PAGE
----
By Kaj Larsen, Correspondent
Editor's note: Kaj is covering the aftermath of the flooding in Pakistan. Watch his reports on AMERICAN MORNING at 6:00AM Eastern.
We awoke at 0515. Breakfast at 0700. Conducted interviews from 0800 to 0900. Our caravan rolled out to a remote area of southern Punjab at 0930. By 1100 we had set up a remote clinic.
By 1115, our team had saved a life.
Now I use that phrase pretty liberally. It was really Dr. Eduardo Dolhun, the lead physician on Team Rubicon, who saved a life.
I’m currently embedded with Team Rubicon in Pakistan, where I have the privilege of working alongside them while covering the flood disaster for American Morning. It allowed me to see the effects of the natural disaster through a humanitarian lens.
When we arrived at the impromptu clinic, we began to set up our equipment and see the first patients. Almost immediately, a crowd formed. Americans in this part of the world attract a ton of attention, and the people of this area, which had been severely impacted by the floods, were in dire need of medical attention. Even as we made our way to the staging area for delivering medicine, we crossed rivers and washed out homes, and saw hundreds of people living in tents and makeshift shelters along the side of the road. Bottom line, the need was great.
The military members of Team Rubicon fanned out and tried to organize the crowd while Dolhun and another Rubicon paramedic examined patients. I noticed that all of the patients were men. I had seen this before in rural Afghanistan. In highly conservative rural Muslim societies, often women would wait to be treated until the men were gone.
While the rest of the team held security, I surveyed the area. Under the shade of a tree, I found about 50 women and children sitting, waiting to be seen. In the extreme heat and humidity, many of the children were lying around or sleeping, but earlier in the day Dolhun had briefed us to be especially attentive to babies that were “floppy.” At the time, I thought to myself that floppy didn’t sound like a proper medical term. Aren’t all babies kind of floppy? Sure enough, among the dozens of children, one woman was holding her listless baby who appeared exactly how the doctor described—a little “floppy.” His eyes were rolled back in his head, and when I shook him or played with his arm there was no response.
I grabbed another Rubicon member who brought a translator over to the child. We were told that the baby had been vomiting for days and would not drink or eat anything. At that point we grabbed Dolhun.
He assessed the baby, and said that the child required fluids but suggested we try a little ORS solution first. ORS, or Oral Rehydration Solution, is one of those simple life saving tools that is extremely important in Pakistan, where the incidence of gastrointestinal disease is extremely high.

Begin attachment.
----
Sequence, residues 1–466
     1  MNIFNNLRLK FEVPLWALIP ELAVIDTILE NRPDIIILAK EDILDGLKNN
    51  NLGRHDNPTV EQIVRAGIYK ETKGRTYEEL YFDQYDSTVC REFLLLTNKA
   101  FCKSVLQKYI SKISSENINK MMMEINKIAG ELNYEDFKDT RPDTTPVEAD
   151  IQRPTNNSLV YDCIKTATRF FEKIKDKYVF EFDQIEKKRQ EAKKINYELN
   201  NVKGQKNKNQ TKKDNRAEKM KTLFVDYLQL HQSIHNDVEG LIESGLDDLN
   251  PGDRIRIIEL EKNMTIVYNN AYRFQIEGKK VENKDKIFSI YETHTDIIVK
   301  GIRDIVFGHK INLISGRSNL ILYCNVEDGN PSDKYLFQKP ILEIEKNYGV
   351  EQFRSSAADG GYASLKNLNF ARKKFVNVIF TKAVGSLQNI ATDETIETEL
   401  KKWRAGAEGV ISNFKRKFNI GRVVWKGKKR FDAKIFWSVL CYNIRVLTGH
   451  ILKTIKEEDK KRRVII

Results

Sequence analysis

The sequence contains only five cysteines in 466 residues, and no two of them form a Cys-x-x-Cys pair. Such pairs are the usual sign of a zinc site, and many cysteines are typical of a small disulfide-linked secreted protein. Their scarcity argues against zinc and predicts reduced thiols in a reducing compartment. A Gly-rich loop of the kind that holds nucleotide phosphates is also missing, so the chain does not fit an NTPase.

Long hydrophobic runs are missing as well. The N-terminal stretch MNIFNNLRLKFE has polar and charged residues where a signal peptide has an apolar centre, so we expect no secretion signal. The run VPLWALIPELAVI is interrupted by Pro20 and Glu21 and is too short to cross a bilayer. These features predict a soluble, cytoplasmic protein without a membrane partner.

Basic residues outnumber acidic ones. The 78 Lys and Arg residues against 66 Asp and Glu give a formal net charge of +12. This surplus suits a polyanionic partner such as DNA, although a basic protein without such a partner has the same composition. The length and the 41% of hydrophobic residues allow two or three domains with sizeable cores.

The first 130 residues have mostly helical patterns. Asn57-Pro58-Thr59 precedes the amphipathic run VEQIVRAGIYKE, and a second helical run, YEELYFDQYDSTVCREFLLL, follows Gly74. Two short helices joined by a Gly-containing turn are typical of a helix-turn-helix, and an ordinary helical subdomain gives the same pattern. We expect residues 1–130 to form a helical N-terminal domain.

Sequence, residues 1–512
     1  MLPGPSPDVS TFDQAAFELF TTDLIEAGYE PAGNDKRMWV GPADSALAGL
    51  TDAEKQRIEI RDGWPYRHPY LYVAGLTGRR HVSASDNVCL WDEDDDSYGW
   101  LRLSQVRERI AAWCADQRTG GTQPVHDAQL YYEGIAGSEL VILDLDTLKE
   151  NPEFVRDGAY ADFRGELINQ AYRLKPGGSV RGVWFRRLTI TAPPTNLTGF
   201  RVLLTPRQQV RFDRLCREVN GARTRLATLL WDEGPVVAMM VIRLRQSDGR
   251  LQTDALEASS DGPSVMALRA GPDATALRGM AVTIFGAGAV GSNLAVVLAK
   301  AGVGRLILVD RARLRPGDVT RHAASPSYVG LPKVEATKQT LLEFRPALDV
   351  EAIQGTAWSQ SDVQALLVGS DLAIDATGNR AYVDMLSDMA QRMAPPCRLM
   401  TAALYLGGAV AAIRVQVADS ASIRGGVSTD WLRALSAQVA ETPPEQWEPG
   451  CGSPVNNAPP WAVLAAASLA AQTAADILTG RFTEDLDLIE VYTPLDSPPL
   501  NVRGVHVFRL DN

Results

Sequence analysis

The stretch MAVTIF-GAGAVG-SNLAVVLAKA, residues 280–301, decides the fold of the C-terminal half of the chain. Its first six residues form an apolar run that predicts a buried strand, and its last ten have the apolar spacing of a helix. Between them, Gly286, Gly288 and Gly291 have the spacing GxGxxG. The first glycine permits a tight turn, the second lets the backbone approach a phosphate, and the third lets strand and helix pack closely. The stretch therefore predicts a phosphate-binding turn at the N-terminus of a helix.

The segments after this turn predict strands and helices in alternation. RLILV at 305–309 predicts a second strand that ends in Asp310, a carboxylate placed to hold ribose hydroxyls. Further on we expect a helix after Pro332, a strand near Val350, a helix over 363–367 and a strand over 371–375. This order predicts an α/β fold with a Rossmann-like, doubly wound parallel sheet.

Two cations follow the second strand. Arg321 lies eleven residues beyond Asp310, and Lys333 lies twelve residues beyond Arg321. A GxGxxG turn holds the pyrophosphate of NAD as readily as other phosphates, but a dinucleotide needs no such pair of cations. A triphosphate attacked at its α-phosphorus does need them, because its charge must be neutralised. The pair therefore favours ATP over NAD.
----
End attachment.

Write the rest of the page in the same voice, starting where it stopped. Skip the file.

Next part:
Dolhun is a passionate evangelist of ORS. On all three flights I have been on with him, I’ve seen him explain to strangers why ORS was one of the most important medical inventions of the 20th century. He says it may have saved as many as 2.9 million lives. He’s so passionate about ORS that he invented his own ORS solution that tastes better than standard ORS. If you met him, you could very easily conjure an image of the mad scientist pipetting away on some solution in his lab in the middle of the night.
So here is Dolhun, a physician from San Francisco, administering ORS to an infant in the flood-affected areas of rural Pakistan. And this is where the timing gets interesting.
Dolhun estimated that it usually takes several hours to get a response from a dehydrated patient after treatment. But within minutes, we saw some improvement in the child (which was good, because the doctor was close to administering fluids intravenously).
Within 15 minutes, the baby was suckling on the ORS solution, alert and oriented. After 30 minutes, he was playing.
It was an extraordinary, dramatic and rapid turnaround. Dolhun said that considering the baby’s severe dehydration, it was possible the baby wouldn’t have survived the night without intervention. Dolhun went on to treat other patients; I took over administering ORS to the baby for a few minutes, then had the mother take over after that.
Disaster medicine is an exercise in triage. You don’t always get to see the outcomes of medical interventions. But here was a case where this child was at death’s door, and within 30 minutes had a chance at survival. That one child made the entire journey worth it.
I’m naturally pretty skeptical. I was initially suspicious of Dolhun’s ORS evangelism. It sounded too simple. But I became a convert when I watched that child come back from near death. I pity the next person who sits next to me on a flight. They may just get an earful about the health benefits of a little something called ORS.
Watch the rest of this report here: